Rogers Communications’ Friday’s outage left most consumers and businesses without service for most of the day, some longer – and they’re now seeking compensation.
The outage affected wireless service, internet connections and phone lines, as well as critical infrastructure such as the Interac payments network.
Rogers eventually told frustrated consumers that a maintenance issue was behind the service outage and promised that users would be “proactively credited” for the disruption.
Rogers CEO Tony Staffieri told Global News in an interview on Monday that the company would “do the right thing” when it comes to refunding affected users and businesses.
So what are Rogers customers owed, and when will the compensation be credited to your account? Here’s what we know so far.
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What is Rogers’ network status?
Staffieri said on Monday that the telecom giant had run a “root cause analysis” of the system failure, confirming initial assumptions about the fault in the network maintenance upgrade code.
That error was pushed through the Rogers system, which overloaded the network’s data and caused equipment to fail, he said.
The company is still seeing “very few ongoing issues” but Staffieri doesn’t have an exact count of how many customers remained out of service as of Monday afternoon.
He said the company’s focus is on restoring connectivity and ensuring the network’s resilience in the coming days.
“What happened on Friday is unacceptable and we are committed to taking every step within our control to make sure it doesn’t happen again,” he said.
How much will Rogers give customers? When?
Telecommunication confirmed on Tuesday that it will offer a five-day service fee credit to users, calling it the “first step” in restoring customer confidence. The credit news was first reported by the Toronto Star.
Staffieri confirmed to Global News earlier that credits will be automatically applied to customer accounts.
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Compensation will automatically appear on the next month’s bill, although he said some may be processed the following month.
This approach is similar to how Rogers handles refunds when it shuts down in April 2021.
Affected customers won’t have to apply for a refund in any way – purported text messages from Rogers asking users to enter information or click a link to make their claim will be considered spam.
Users with internet provider Start, which acquired Rogers’ network and whose service was also disrupted on Friday, will have to wait a little longer for compensation. Start told Global News in a statement Monday that it is awaiting direction from Rogers and Champagne on how wholesalers will be affected following the shutdown.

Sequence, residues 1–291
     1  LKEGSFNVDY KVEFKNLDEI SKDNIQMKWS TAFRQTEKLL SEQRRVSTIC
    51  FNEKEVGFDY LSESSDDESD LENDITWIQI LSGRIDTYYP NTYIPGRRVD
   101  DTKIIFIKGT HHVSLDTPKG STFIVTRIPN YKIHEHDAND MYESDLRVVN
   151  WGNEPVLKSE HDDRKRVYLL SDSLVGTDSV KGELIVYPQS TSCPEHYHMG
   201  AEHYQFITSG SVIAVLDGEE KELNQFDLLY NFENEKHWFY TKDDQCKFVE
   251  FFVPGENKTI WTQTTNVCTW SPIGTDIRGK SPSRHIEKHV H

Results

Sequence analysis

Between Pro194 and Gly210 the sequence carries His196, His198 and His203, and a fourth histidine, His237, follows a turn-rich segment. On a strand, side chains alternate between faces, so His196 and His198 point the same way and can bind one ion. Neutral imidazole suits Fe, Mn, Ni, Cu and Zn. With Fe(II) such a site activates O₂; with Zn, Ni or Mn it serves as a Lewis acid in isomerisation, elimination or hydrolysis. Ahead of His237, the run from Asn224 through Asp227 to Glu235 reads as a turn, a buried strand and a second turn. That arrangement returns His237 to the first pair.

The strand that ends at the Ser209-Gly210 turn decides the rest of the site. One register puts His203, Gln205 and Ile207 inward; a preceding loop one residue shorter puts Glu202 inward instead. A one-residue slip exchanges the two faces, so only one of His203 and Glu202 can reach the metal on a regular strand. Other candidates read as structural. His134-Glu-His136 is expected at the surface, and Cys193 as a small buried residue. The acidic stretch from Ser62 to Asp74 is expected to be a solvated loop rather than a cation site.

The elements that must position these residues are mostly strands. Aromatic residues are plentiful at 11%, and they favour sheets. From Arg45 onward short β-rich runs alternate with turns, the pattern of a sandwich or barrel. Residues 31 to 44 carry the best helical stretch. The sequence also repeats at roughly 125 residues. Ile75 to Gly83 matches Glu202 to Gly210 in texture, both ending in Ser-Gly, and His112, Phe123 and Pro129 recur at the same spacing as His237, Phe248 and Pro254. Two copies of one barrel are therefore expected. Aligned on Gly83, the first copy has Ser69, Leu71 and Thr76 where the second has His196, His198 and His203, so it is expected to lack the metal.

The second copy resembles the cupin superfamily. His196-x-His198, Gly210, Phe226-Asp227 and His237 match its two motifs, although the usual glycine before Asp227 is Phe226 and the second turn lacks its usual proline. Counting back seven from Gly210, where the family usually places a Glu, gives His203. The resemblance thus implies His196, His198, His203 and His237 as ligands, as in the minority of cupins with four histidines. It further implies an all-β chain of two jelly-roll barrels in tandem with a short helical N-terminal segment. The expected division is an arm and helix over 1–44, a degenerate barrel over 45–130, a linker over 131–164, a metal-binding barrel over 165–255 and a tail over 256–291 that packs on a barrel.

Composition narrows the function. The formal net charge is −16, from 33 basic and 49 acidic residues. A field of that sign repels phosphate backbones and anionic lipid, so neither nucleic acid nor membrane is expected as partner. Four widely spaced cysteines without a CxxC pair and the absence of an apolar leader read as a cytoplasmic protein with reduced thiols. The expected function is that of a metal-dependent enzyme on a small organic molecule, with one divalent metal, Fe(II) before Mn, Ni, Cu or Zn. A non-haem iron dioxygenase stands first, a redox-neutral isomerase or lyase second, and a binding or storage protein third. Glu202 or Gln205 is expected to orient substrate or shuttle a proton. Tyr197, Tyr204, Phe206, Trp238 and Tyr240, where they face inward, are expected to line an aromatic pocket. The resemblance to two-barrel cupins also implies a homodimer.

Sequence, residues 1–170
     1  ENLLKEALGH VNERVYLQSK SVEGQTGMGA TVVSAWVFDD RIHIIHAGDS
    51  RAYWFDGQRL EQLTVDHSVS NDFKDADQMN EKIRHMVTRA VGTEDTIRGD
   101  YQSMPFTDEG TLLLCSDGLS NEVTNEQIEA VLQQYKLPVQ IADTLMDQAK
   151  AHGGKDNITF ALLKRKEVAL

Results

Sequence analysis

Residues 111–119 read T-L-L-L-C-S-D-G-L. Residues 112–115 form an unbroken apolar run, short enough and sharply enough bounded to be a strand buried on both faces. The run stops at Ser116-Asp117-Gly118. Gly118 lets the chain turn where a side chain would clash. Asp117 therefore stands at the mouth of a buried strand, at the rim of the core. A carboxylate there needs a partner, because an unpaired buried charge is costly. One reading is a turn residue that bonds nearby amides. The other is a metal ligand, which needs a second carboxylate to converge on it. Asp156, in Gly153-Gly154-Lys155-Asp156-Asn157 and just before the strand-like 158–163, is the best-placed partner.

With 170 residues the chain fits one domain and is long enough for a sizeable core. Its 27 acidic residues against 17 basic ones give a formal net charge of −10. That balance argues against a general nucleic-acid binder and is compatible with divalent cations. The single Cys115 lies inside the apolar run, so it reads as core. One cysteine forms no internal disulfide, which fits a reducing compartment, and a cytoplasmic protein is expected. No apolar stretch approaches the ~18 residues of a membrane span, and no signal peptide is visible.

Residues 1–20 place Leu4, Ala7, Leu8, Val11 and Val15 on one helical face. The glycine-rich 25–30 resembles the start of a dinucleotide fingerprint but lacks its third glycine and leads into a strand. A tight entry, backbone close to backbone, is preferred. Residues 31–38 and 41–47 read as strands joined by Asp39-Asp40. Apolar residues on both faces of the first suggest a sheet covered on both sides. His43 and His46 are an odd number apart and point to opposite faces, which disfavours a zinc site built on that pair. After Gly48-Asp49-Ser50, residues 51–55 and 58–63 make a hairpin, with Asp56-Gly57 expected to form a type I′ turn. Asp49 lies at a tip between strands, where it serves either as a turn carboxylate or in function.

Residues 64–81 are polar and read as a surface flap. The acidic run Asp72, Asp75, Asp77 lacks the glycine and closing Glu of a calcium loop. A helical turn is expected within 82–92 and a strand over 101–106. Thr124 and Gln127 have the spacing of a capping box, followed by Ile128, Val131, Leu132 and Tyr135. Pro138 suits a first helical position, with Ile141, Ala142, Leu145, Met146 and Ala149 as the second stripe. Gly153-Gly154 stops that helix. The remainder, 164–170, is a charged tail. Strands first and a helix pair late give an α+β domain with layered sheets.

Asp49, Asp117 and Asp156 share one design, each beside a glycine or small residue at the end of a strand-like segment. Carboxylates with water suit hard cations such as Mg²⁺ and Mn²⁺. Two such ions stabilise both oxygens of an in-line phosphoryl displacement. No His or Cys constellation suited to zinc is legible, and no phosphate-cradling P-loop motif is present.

Inconveniencing Friday’s outages for consumers, the inability to process payments or, in some cases, answer the phone means a significant loss of revenue for many businesses in the United States. Canada.
“This comes right after two years of pandemic-related restrictions and closures that have been devastating. Dan Kelly, CEO of the Canadian Federation of Independent Business (CFIB), told Global News on Monday.
Many businesses have had to scramble to come up with different payment solutions after going cashless for a while COVID-19 pandemic, Kelly noted.
The CFIB hopes for more substantial recognition from Rogers of the widespread impact of the shutdown on the Canadian economy.
Kelly said he’d like to see a month’s worth of Rogers utilities’ fees paid to affected businesses, not just one day, to reflect the overwhelming impact on business owners.
“I would lose it if Rogers thought a day (fee) was adequate compensation for a small business,” he said.
Global News asked Staffieri if businesses should be treated differently than individual accounts.
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He did not respond directly, but reiterated that the company is talking to customers individually on a case-by-case basis to address service and compensation concerns.
“Our main goal is to make sure they have a connection and continue to work with them and keep them as customers. It is in our interest to do that,” said Staffieri.
NDP leader Jagmeet Singh said in a statement Monday that Rogers “has a responsibility to pay back small businesses that lost revenue during the shutdown.”